For Frears, this follows in the recent fruitful TV footsteps of the tremendous A Very English Scandal and State of the Union, which played with tone and format in a way that’s much more engaging than his recent features like Victoria & Abdul or Florence Foster Jenkins.
Knowing they’re playing primarily to an audience that thinks it knows the truth about the scandal, Graham and Frears have structured the story as an unraveling of that truth. The first installment, beginning with the Millionaire genesis, is close to factually unimpeachable. The second installment, focused more on Charles and his apparent triumph, sticks closely to the accepted cheating narrative. The third hour, with Helen McCrory’s defense attorney steering things, offers the counterfactual and raises the question of how much of what you thought was straightforward in the first two hours was only straightforward because you accepted “Charles Ingram is a cheater” from the beginning.
It’s a clever construction that gets to the very root of what makes quiz shows so appealing to audiences: What’s happening on TV seems like something we ordinary people could do, but that’s only because of our need to believe that everything we see on TV is exactly how it appears. Frears’ eye lingers on every note of artifice, the sleight of hand of editing, of sound mixing, of carefully chosen music, of ill-timed commercial breaks. It’s all flashy and shiny and fundamentally fake. We accept game shows as reality, but Frears and Graham want to make clear that they’re not necessarily any realer than a scripted show featuring familiar actors as our main characters.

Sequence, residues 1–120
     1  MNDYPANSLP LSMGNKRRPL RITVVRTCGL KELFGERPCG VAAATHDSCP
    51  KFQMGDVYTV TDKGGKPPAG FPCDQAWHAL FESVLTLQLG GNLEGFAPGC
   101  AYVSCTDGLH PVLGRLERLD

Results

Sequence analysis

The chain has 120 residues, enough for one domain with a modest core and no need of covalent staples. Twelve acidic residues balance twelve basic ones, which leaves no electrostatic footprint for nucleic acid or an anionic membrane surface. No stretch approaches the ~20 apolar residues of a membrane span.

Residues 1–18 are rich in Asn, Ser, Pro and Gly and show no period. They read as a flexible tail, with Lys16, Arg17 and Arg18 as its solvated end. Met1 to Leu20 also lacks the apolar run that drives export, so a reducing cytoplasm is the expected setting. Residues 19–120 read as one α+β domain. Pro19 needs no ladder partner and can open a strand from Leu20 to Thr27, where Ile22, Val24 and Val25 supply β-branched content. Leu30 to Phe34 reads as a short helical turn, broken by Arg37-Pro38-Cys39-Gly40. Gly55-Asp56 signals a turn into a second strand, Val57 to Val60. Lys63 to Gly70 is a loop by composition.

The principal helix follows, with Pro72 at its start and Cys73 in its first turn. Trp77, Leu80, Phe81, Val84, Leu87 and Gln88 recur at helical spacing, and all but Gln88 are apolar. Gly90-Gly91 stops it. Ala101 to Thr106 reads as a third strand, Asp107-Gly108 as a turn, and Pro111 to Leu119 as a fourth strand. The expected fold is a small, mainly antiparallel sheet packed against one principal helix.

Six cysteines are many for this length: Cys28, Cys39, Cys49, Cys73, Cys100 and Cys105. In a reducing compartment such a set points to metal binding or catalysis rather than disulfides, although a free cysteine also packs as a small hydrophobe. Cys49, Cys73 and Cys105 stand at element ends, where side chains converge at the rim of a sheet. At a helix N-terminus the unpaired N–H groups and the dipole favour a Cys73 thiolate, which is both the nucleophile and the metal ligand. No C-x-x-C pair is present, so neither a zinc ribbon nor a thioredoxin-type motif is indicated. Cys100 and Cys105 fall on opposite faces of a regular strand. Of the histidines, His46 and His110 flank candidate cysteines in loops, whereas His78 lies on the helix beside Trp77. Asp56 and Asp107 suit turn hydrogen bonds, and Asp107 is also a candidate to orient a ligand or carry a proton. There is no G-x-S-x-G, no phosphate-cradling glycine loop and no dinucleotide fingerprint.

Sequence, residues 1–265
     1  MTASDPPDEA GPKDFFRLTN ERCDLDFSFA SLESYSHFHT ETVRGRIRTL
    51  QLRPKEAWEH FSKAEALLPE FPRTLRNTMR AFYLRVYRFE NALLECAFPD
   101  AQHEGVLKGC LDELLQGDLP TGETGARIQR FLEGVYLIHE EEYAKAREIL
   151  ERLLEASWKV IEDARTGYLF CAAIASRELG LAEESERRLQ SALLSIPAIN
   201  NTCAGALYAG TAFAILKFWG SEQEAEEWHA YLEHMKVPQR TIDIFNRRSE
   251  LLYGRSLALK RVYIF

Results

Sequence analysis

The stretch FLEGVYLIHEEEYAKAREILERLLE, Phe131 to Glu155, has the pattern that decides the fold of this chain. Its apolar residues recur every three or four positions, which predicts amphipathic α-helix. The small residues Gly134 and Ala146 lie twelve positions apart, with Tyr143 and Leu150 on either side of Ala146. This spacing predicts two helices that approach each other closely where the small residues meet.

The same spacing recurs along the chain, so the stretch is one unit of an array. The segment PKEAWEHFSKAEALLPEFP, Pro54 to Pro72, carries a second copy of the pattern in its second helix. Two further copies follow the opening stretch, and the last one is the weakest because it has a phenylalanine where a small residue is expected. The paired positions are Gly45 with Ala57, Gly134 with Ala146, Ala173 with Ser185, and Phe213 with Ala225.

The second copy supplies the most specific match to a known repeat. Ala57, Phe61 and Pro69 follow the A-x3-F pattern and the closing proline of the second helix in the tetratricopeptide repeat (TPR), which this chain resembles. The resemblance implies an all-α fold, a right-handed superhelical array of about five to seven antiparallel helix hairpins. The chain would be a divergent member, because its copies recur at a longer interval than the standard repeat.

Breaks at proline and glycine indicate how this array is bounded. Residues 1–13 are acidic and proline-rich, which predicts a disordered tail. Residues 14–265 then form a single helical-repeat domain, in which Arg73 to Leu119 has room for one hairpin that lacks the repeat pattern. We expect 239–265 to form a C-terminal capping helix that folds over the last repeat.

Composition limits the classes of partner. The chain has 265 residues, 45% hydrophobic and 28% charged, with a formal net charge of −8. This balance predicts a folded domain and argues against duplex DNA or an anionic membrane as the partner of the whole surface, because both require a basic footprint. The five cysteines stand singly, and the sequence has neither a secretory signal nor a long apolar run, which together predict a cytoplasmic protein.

From Pride & Prejudice to Succession, Macfadyen has proven an expert at playing shades of discomfort, and with Charles, he has a perfectly tailored character. At various points in Quiz you’ll think Charles is stupid, socially awkward or just professionally rigid, and each interpretation casts its own shadow on the character and his choices. It’s just as hard to pinpoint Diana’s motivations, so whether she’s unscrupulous and amoral or simply an enthusiast giving herself over to her new obsession remains somewhat mysterious, the ambiguity meted out carefully by Clifford.
The show’s background is packed with memorable turns, including McCrory’s extremely compelling presentation of a case some viewers won’t want to hear; Bonnar’s taut intensity as a man desperately trying to protect his cash cow; and Sheen’s utter transformation behind bleached brows and a nasal reproduction of Tarrant’s cadences.
My own recommendation would be to learn as little as possible about the Charles Ingram/Millionaire kerfuffle going in. Let Graham and Frears guide your perception in their smart and funny fashion, and then go do some research. It’s an instructive way to consider all bias, be it concerning important issues or frivolous debates — like whether or not cheating on a game show is even a crime.
Stars: Matthew Macfadyen, Sian Clifford, Michael Sheen, Michael Jibson, Matthew Bonnar, Elliot Levey, Helen McCrory
Written By: James Graham
Directed By: Stephen Frears
Episodes air Sunday, May 31, at 10 p.m. ET/PT and June 7 and June 14 at 9 p.m. ET/PT on AMC.
Sign up for THR news straight to your inbox every day